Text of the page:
Drones ever-closer to Pakistan's militants
By Syed Saleem Shahzad
ISLAMABAD - Qari Hussain Mehsud, whose specialty was training suicide bombers,
is the latest in a string of high-level militants to be killed in Pakistan's
tribal areas in attacks by unmanned United States drones.
These mounting casualties show that the net is tightening on the militants and
their al-Qaeda colleagues now concentrated in North Waziristan on the border
with Afghanistan. There is also much debate as to where the US is getting its
information to carry out an increasing number of successful strikes - from
intelligence networks integrated into the local population or from high-tech
surveillance, or a combination of both.
The latest reports indicate that 1,863 people, including civilians, have been
killed in 184 US drone attacks targeting militants in
Pakistan since June 2004. Significantly, though, 749 people have been killed in
89 drone attacks in 2010 and September witnessed 16 operations, the maximum in
a month, followed by 11 attacks in January.
Mehsud is reported to have been killed in Mir Ali in North Waziristan on
October 4. Initially, a spokesman for the Tehrik-e-Taliban Pakistan (Pakistani
Taliban - TTP) - to which Mehsud was associated - denied the report.
However, a high-level leader of the TTP as well as a senior counter-terrorism
official confirmed to Asia Times Online that Mehsud had died in the attack.
Apart from other incidents, Mehsud had claimed responsibility of suicide
attacks on Shi'ite Muslims in the cities of Lahore and Quetta last month in
which scores of people were killed.
Luck finally runs out Qari Hussain Mehsud had previously been reported killed, notably after his
house was destroyed in January 2008. He was later said to have died in a June
2009 air strike in South Waziristan, but he telephoned reporters to prove he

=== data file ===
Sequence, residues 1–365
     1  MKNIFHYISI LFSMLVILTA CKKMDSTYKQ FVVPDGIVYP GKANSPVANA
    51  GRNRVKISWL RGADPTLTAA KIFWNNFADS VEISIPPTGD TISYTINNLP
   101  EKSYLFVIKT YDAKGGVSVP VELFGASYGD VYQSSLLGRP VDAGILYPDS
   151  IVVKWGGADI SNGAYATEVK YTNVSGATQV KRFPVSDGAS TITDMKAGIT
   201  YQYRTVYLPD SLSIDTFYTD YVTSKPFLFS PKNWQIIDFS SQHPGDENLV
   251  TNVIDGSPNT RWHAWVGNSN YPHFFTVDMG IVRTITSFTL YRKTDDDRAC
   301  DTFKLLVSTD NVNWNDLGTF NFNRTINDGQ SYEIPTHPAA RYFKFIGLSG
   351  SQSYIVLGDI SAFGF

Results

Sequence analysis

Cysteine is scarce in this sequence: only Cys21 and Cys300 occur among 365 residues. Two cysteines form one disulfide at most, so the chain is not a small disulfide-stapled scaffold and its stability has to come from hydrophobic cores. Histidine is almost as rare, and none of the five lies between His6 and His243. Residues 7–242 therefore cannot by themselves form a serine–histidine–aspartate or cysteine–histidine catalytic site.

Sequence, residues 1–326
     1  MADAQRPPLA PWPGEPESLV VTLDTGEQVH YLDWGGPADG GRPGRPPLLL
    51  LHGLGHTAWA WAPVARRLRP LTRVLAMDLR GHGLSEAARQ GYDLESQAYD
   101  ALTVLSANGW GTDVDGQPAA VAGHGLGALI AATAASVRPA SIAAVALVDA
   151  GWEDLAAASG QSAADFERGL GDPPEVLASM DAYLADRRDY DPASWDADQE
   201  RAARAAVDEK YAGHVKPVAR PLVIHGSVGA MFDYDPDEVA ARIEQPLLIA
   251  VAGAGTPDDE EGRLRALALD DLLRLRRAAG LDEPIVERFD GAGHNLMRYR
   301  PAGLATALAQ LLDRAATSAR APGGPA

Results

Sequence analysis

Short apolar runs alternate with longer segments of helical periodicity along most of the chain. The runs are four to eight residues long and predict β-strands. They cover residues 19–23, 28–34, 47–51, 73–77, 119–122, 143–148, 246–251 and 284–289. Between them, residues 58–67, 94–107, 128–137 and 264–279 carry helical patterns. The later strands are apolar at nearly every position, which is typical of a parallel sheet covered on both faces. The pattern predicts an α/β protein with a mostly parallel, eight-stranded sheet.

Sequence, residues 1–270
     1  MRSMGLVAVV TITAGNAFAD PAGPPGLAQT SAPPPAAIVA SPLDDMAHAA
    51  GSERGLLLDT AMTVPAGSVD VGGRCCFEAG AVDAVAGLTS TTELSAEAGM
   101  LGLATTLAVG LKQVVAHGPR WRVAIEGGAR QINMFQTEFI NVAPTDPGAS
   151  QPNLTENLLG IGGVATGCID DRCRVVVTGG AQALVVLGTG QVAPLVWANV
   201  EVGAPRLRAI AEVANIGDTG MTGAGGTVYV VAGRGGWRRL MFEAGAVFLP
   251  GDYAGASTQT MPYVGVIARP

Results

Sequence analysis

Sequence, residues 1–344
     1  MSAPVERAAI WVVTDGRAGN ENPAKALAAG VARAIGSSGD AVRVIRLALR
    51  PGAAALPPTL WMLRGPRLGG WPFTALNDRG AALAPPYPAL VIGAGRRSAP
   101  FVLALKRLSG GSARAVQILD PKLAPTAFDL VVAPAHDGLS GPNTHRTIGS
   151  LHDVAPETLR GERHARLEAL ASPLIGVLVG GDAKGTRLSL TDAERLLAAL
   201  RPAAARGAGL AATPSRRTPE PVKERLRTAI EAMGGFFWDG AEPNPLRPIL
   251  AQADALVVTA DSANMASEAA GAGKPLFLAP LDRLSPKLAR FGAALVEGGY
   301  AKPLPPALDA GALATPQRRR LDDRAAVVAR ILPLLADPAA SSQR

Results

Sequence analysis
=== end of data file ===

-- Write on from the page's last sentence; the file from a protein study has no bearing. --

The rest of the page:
The Pakistan government had placed a 50 million rupee (US$585,000) reward for
Mehsud's killing or capture, along with similar rewards for other TTP
Mehsud escaped at least 12 attempts on his life because either the information
passed on to the US was incorrect, or he had moved before an attack took place.
The frequency of the operations against Mehsud increased after the deadly
suicide attack he helped orchestrate on Forward Operating Base Chapman in
Khost, Afghanistan in December 2009.
Seven US Central Intelligence Agency (CIA) operatives, including the station
chief, died when Humam Khalil Abu-Mulal al-Balawi blew himself up. Jordanian
Balawi had been trained by Mehsud.
Mehsud worked with Ilyas Kashmiri and his 313 Brigade, which infiltrated the
ranks of the Afghan National Army at the base.
In a report released this week, CIA director Leon Panetta concluded "systemic
failure" had led to Balawi being allowed onto the base even though Jordanian
intelligence had warned he might be a part of an al-Qaeda trap.
The drone attacks on Mehsud escalated further after Pakistani-born US citizen
Faisal Shahzad was arrested following his failed attempt on May 1 this year to